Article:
Bob Peters, was the last surviving member of a brave generation of Welsh men, who volunteered to fight fascism in Spain in the 1930s.
He died on Monday, aged 92, after a brave battle with cancer.
Today First Minister Rhodri Morgan paid tribute to Mr Peters, saying Wales could “take pride in his memory”.
Mr Peters was born in Archer Terrace, Penarth, in 1914 and was the youngest of nine children.
He left Wales to find work in Canada when he was just 16 and was working as a deckhand when he learned about the war in Spain.
He volunteered to fight for the democratically-elected government against the military uprising led by General Franco and supported by Hitler. The volunteers were called the International Brigades and around 150 went from Wales.
However, in July 1937, he was badly wounded and transferred from the frontline. As casualties were so high in his former unit, Bob says if he had stayed on the battlefield he would have been killed.
For 70 years he kept quiet about his time in Spain. All that changed when in 2006 his remarkable story was recorded in a book called ‘A Bullet Saved My Life’ published by Warren and Pell.
“Maybe we were naive, I don’t know,” said Bob. “We thought we could help and that’s why we went.”We never considered we might be killed. Not until we got there.”
When Mr Peters was shot, medics could not at first remove the bullet as it was too near his spine.
However, he recovered to become a motorcycle despatch rider, taking messages to the frontline. While riding on rough roads the bullet moved and it was cut out. In October 1938, the International Brigades were withdrawn. Although the war was lost they were treated like heroes.
During the Second World War Mr Peters served in the British army in Sicily, Italy and Yugoslavia. He later settled in Kent where he worked as a fork-lift driver.
His wife Frances died in 1990 and Rodney, the eldest of their four sons, died last year.
First Minister Rhodri Morgan said: “Bob’s death is almost the closing page of the history of Wales and the Spanish Civil War – one of the great ideological dividing lines of the 1930s; his was a life charted not only by unemployment, hunger and the other necessities that guide working people everywhere but also by his commitment to fight for his socialist principles.
“We all take pride in his memory and pay our respects for his contribution, and send our strongest sympathies to his family.”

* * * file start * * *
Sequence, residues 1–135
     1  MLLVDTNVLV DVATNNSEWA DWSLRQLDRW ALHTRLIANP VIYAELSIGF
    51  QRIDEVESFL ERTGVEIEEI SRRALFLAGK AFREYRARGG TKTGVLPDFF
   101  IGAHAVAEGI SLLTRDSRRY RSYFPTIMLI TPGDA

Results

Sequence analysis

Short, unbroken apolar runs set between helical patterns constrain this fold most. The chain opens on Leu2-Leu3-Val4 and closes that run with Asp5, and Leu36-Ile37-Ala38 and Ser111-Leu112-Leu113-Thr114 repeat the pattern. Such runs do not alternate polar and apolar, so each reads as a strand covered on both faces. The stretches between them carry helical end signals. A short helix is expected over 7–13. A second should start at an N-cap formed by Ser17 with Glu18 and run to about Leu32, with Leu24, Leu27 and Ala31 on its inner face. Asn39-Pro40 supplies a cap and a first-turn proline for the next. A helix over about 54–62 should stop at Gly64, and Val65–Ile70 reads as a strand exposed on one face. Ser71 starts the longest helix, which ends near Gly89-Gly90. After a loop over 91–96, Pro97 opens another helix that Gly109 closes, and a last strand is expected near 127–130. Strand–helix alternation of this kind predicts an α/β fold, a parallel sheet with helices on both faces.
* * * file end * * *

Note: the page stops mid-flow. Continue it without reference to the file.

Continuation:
Lost in the Supermarket

Hoping for better luck at supermarkets this year. Have avoided them so far.
At the end of last year I’d found myself trying to enforce a personal boycott of the new self-serve checkouts.
No way would I use one of them, I said to myself: somewhere along the line, they would mean the end of someone’s job.
Then, I found myself standing in a long queue at Marks and Spencer with just a sandwich in my hand.
The self-serve option beckoned and I took it. I was in a hurry, I told myself.
But, walking off, I realized I’d failed myself. Somewhere I heard a computer click. Another shopper had chosen self-serve. Another nail knocked into the coffin of the poor old human alternative.
Then, on a visit to Tesco, I went from breaking one of my rules to breaking one of their’s.
Rushing again – honest – I turned a trolley of goods into the wrong checkout.
And I had half unpacked before the checkout lady pointed skywards to a sign telling me I was in the Ten Items Or Less queue.
Oh, the shame!
The till worker took time to etch a look of contempt into the inside of my eyelids.
I left wondering if those self-serve checkouts weren’t so bad after all.
Finally, I returned to Marks. With a few snacks, I hit the queue.
My arm was tugged. “Is that all you have, sir?”
I hesitated, aware of what was coming next.
“Yes,” I said. My fate was sealed.
I was led to the self-serve. There was no way I was putting up a fight and blotting my copy book there as well.
“Have you used one of these before, sir?”
I tried not to sound pompous and undoubtedly failed.
“I try not to because I’m sure in the end they will cost people’s jobs.”
“Good point,” she replied, but was still smiling professionally as I guided the barcode of my BLT across the little screen.